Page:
Death: about 1748Coleraine County, Londonderry, n Ireland

Note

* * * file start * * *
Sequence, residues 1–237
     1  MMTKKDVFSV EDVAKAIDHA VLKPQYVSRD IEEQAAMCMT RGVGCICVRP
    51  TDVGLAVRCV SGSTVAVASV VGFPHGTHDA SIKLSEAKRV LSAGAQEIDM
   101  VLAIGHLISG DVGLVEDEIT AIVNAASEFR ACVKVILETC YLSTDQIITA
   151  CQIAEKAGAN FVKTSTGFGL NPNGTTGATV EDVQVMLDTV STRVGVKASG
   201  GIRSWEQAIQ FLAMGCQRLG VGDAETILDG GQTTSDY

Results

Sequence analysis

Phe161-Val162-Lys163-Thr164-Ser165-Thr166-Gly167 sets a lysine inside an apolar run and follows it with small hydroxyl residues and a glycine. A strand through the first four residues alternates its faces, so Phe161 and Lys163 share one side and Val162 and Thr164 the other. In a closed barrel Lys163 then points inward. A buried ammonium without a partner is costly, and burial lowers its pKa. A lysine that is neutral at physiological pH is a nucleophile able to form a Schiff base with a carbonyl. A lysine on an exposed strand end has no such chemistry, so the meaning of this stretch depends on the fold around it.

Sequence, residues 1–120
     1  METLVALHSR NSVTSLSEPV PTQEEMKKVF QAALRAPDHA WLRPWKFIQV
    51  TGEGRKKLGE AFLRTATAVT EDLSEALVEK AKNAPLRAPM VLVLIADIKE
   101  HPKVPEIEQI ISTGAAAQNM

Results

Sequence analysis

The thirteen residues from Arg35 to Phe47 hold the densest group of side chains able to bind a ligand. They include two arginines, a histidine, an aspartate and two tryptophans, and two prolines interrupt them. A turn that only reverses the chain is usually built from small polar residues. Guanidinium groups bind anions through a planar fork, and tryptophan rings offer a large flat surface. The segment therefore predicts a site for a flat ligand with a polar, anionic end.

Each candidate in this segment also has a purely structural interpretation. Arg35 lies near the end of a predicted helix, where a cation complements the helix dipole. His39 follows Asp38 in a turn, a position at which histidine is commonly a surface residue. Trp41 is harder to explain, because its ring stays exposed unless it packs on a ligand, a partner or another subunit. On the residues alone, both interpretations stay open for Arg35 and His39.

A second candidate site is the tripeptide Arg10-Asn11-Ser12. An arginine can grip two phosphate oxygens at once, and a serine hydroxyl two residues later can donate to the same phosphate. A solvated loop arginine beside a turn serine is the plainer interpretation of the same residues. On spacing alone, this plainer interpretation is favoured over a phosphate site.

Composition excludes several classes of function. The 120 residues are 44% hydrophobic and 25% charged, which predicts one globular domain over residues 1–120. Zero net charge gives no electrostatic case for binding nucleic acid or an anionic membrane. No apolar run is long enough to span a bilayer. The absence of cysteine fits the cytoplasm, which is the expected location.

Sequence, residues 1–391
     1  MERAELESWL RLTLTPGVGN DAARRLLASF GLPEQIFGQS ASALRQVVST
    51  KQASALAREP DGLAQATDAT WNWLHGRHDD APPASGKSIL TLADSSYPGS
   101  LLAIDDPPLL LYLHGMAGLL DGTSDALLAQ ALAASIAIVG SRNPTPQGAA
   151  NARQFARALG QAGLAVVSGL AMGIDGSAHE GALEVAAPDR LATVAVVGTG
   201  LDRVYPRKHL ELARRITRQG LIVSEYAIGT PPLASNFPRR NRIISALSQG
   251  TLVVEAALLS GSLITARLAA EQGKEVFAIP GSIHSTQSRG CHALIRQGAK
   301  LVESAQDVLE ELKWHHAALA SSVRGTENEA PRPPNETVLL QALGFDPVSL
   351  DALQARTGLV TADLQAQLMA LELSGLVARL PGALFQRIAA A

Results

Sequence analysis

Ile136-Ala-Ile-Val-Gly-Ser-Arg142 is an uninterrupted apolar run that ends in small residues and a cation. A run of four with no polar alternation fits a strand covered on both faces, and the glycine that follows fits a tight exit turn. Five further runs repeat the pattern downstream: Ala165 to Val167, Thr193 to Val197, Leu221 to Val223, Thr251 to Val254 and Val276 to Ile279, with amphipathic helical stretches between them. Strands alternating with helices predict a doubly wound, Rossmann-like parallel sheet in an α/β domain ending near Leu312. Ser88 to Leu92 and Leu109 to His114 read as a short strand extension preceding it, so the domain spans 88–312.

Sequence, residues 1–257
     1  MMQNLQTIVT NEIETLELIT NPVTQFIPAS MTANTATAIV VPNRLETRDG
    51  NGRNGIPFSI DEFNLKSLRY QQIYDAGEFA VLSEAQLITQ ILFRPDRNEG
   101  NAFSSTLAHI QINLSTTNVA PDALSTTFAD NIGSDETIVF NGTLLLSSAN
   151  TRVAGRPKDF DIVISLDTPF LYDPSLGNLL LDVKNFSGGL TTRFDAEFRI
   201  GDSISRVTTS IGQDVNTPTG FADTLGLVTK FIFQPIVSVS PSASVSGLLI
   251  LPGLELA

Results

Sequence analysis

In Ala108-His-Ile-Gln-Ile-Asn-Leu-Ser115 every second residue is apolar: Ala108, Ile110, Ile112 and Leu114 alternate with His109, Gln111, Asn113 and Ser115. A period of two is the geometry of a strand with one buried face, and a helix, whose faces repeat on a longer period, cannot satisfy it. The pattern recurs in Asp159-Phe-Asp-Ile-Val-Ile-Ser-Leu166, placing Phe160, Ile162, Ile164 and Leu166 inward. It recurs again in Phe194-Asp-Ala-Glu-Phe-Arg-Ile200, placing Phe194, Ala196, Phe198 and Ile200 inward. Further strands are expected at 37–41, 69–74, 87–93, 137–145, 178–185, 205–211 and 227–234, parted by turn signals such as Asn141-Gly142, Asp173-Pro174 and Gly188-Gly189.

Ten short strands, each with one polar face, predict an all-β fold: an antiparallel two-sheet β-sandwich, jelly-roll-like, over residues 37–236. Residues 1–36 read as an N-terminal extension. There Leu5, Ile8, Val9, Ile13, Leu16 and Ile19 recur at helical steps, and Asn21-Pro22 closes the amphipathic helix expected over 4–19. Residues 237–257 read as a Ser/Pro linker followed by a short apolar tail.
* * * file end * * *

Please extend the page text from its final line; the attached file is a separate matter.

John Ewing is the father of Ellender Cocke who married Charles Cocke. The Ewings appear to have been a relatively prosperous "Scots-Irish" family which migrated to Cecil County, Maryland prior to the Revolution. It is said that the Ewings were shipbuilders and built their own ship the "Eagle Wing" which was used to transport the Ewings to America. (The name Ewing is said to have derived from the phrase "Eagle Wing".) From the number of Ewing families that appear in precolonial times, one has to wonder if this is not true. Like Charles Cocke, John Ewing lived along Cripple Creek, which is probably where Charles Cocke met Ellender. Both Charles Cocke and John Ewing were "long-hunters" and made several claims to land in the Powell Valley. John Ewing made several transfers of land to Charles Cocke prior to his death in 1788, including land on Trading Creek. In his Will, he gave additional land on Trading Creek to John Cocke, son of Charles and Ellender. He was still living at Cripple Creek at the time of his death and his Will was probated in Montgomery County. There is some confusion about the reference to Charles Cocke in his Will which needs to be clarified. Some transcriptions of the Will have inserted the phrase "grandson" before Charles Cocke. This could be right, since Charles and Ellender did have a son Charles. However, it is more likely that John Ewing was referring to his son-in-law Charles Cocke, who would have had more use for a saw than his infant son. Assuming that the original Will is still intact, this question could be resolved by an examination of that document. John Ewing did not move to Cripple Creek alone. He was accompanied by his brothers James, William and Samuel Ewing. Both James and Samuel Ewing fought at the Battle of Point Pleasant. They were also accompanied by their cousin and brother-in-law George Ewing. (George was a brother-in-law because James and William Ewing had married his sisters, Margaret and Jane Ewing.) George Ewing also fought at the Battle of Point Pleasant. The brothers of James, William and Samuel died without leaving any descendants. However, George Ewing had several children, including, Samuel, John, George, James, and William. The children were apparently to as Jr. to distinguish them from their uncles with the same name. For example, when the loyalty oath was administered in 1777 and 1778, separate references were made to John Ewing and John Ewing, Jr. Later, when the family of John Ewing moved to Lee County, the family of George Ewing remained in Wythe County. There were also a couple of other Ewing families living in Bedford County, Virginia, USA. However, they do not appear to have settled in Wythe County, There are two different versions of how John Ewing got to Cripple Creek. One is that he moved from Cecil County, Maryland to Virginia around 1770-71. This is based on a number of documents showing a John Ewing selling household goods in Cecil County, Maryland. The other version is that he moved, along with his brothers, Prince Edward County around 1760 and then moved to Cripple Creek. This is supported by documents showing a John Ewing sale of 1,100 acres of land in Prince Edward County. My belief is that the latter version is more likely for several reasons: First, the John Ewing selling goods in Cecil County mentions a Patrick Ewing, presumably a brother. However, there is no evidence that our John Ewing had a brother or close relative named Patrick Ewing. Second, if John Ewing had waited until 1770-71 to move to Cripple Creek, then Charles and Ellender would not have had very much time to meet, marry and conceive their first child Jane, who was born in 1772. Third, the brothers of John married into a family of Ewings that was living in Prince Edward County around 1760. Interestingly, if John Ewing did move to Prince Edward County around 1760, there is a chance that he ran into the Charles and Jester Cocke from Lunenburg County sometime during their westward move to Cripple Creek.